A Guy Named Joe (1943)

Genres - Fantasy, Romance, War  |   Sub-Genres - Heaven-Can-Wait Fantasies, Romantic Fantasy, War Drama  |   Release Date - Dec 23, 1943 (USA - Unknown)  |   Run Time - 120 min.  |   Countries - United States   |   MPAA Rating - NR
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Review by Bruce Eder

A Guy Named Joe walks a fine line between realistic World War II drama and fantasy, and it does so successfully for 95 percent of its two-hour-and-one-minute length, ending up an excellent example of how to make this kind of movie work. It's not quite as ambitious as the slightly similar Michael Powell/Emeric Pressburger fantasy A Matter of Life and Death (aka Stairwar to Heaven), but it has its own conjuring trick to pull off, mostly in the acting and dramatic departments rather than special effects, which are minimal. The presence of Spencer Tracy and Irene Dunne helps immeasurably in achieving this finely textured mix of drama, romance, and fantasy; the two of them are such fine actors that they can make almost everything that the movie tries to do seem believable, even in the denouement as Dunne's character flies a solo combat mission. But primary credit must go to director Victor Fleming and his writers, who included future blacklistee Dalton Trumbo. Fleming, a man's man who also was involved with bringing off the most renowned screen fantasy of all, The Wizard of Oz, provides masterful direction throughout, even making the climactic Dunne-as-bomber-pilot sequence work. He knows the exact balance to strike, just how much whimsy to allow in amid the setting of World War II air combat, and when to focus on the more realistic interactions and relationships. Some of the dialogue verges on poetry in places, while other passages achieve a honest poignancy that was rare for a Hollywood war film.

Tracy gives one of the best performances of his career as a daredevil fly-boy who is even able to look death in the face without flinching; the only seeming flaw in his work lies in the early section of the movie, where one never gets a real sense of his character's love for Dunne's Dorinda Durston, and that seeming flaw is rectified in the second half, in which Tracy's Pete Sandidge realizes for the first time -- almost more deeply than he knows -- how much he loved her. Dunne has the unfortunate task of pretending she is much younger than she is; nothing that the makeup or lighting department can do can hide the fact that she's almost two decades older than Van Johnson (and, for that matter, four years older than Tracy), and her efforts at projecting a youthful, not-far-from-girlish charm seem awkward; but when she tells Ward Bond's Al Yackey how losing a man like Pete is something "you die over," it's also totally believable. (This is why until the 1960s, when appearances overwhelmed other considerations, one had to cast women ten to twenty years out of adolescence as Juliet in Romeo and Juliet.) Equally striking is the almost erotic arousal that she displays late in the movie, as Dorinda (herself something of a daredevil pilot) watches Ted -- being guided irresponsibly by a jealous Pete -- engage in some daring and dangerous aerial maneuvers. Additionally, they get excellent support from Van Johnson, who was seriously injured in a car accident during shooting (and would have been replaced but for Tracy's insistence otherwise) and was hospitalized for three months. He's much more than a pretty, callow face here, and plays everything he's asked to do straight and perfectly, with a beguiling, youthful verve. The other player worthy of mention is Ward Bond, who should have been nominated for a Best Supporting Actor award for his performance here; he did most of his best work in movies directed by John Ford, but working under Fleming here he gives a beautifully understated and affecting performance, striking the perfect balance between comedy and drama in a role that's as much at the center of the plot and the drama as Dunne's.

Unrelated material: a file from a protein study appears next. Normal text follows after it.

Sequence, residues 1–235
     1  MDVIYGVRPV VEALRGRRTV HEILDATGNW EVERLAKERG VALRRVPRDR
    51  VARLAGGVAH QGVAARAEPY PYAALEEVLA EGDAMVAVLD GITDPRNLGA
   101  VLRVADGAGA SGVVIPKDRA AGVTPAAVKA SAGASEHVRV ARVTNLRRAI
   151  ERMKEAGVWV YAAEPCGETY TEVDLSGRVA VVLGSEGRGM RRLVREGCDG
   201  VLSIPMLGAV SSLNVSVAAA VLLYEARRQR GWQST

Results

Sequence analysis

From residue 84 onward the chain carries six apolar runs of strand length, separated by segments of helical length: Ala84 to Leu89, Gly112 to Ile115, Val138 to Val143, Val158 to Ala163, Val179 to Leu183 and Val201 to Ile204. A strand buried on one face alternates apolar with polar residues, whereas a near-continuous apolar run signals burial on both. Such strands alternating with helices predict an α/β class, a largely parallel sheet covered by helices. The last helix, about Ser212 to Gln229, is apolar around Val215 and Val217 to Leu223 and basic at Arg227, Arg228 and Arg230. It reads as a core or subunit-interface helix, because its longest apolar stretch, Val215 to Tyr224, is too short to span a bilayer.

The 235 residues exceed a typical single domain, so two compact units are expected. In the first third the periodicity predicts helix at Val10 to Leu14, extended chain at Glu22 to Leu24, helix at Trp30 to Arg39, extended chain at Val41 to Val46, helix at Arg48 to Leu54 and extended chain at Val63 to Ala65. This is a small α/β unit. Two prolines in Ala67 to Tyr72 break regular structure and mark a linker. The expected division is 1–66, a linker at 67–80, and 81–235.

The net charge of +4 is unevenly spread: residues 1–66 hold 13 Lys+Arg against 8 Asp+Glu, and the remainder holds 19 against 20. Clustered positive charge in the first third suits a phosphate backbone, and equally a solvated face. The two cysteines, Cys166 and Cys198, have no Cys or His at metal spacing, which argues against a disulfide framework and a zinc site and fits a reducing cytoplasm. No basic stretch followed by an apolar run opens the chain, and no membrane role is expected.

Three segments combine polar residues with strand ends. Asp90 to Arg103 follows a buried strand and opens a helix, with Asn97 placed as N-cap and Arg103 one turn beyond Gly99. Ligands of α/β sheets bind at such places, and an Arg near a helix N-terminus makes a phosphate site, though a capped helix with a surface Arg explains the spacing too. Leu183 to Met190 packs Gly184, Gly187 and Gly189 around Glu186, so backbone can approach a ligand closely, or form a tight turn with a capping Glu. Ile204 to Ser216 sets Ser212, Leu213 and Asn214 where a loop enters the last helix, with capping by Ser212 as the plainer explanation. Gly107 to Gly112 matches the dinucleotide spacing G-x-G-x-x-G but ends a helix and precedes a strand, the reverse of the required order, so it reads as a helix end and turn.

It's doubly amazing that the movie holds up as well as it does, given that it required extensive retakes and a reshooting of the ending -- as originally scripted and shot, Dorinda dies on the bombing mission and joins Pete in heaven, but the Motion Picture Production Code office objected to this, interpreting the ending as a suicide, which was forbidden; so a new ending had to be written and shot. It all still held together, an amazingly poignant yet comforting fantasy-drama with some good moments of comedy and some exciting and extremely well-staged flying and combat sequences. The result is an engrossing, feel-good romance with enough action overtones to keep even the manliest of viewers entertained. Incidentally, the title of the movie is explained in the opening minutes of the movie as a reference to the slang of the period -- to quote one of the English children who idolizes Pete Sandidge, "In the American air forces, any man who's a 'right' chap is a guy named Joe."